The most effective promotional campaigns offer customers what they want, when they want it. Some products and services just “beg” to be advertised year-round because they have overwhelming customer appeal; others lend themselves to promotion only during specific seasons. Give extra emphasis to new products and expanded departments, and take advantage of co-op programs that allow you to split advertising costs with a manufacturer. Determine a launch date for each advertising campaign, then work backwards to coordinate the arrival of adequate stock and to allow adequate time for ad preparation and placement.
Know Your Audience
Ask yourself: Who are my primary customers, really? Your answer to this question is the key to making wise media choices. The vehicles that appeal to senior citizens and empty nesters may not appeal to millennials or families with young children, and vice versa. And remember to discount your own personal preferences as you pick and choose. This is not about you; it is about your target market. You may not read the daily newspaper, listen to NPR or follow anyone on Twitter or Facebook, but your customers might and, if so, that’s where your promotional efforts — and dollars — should be directed. Put your message where your customers are most likely to see or hear it.
Get the Word Out
Generally speaking, it is never wise to put all of your promotional eggs in one basket. Use a combination of vehicles instead: a dedicated company website plus paid advertising in the local newspaper or on TV plus a social media presence on Facebook and Twitter. Just beware of spreading yourself too thin. With regard to social media, limit the time you personally spend responding to comments and queries; designate a staff member to be your social media “specialist” instead. And with regard to traditional media, keep in mind that frequency and continuity are more important than the size/length of an ad or the amount you pay for it.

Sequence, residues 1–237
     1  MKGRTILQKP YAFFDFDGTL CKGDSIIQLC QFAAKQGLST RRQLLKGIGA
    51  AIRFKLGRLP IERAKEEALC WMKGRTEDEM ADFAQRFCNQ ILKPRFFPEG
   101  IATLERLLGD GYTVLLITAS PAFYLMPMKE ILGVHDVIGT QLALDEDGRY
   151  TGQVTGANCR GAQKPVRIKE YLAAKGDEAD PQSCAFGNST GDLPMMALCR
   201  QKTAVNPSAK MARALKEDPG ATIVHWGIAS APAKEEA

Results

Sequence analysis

Measure the Results
Promotion can be both time-consuming and costly, so as a prudent business owner, you should want to know if any or all of your efforts paid off. As part of your promotional plan, determine an acceptable return on investment, then use online metrics (Google Analytics, for example) to track website traffic and provide comment cards or simply chat with customers face-to-face to determine what worked and what didn’t. Another option for restaurants, retail shops and businesses providing personal services: include links to review sites such as Google My Business, Yelp, Trip Advisor and Angie’s List on your website or Facebook page.
Pre-manage the Chatter
One of the most effective forms of advertising — word of mouth — doesn’t cost a dime, but it can seriously impact your bottom line. Research shows that unhappy customers vocally share their experiences with twice as many friends, as customers who’ve had a positive consumer experience. What’s worse, they often air their grievances online for hundreds of strangers to see. What can you do? Nothing about comments already posted. You can, however, take steps to prevent future negative posts:
• Always listen to your customers.
• If you make a mistake, fix it — with a smile.
• Strive always to provide such a high level of service, customers won’t have any reason to complain.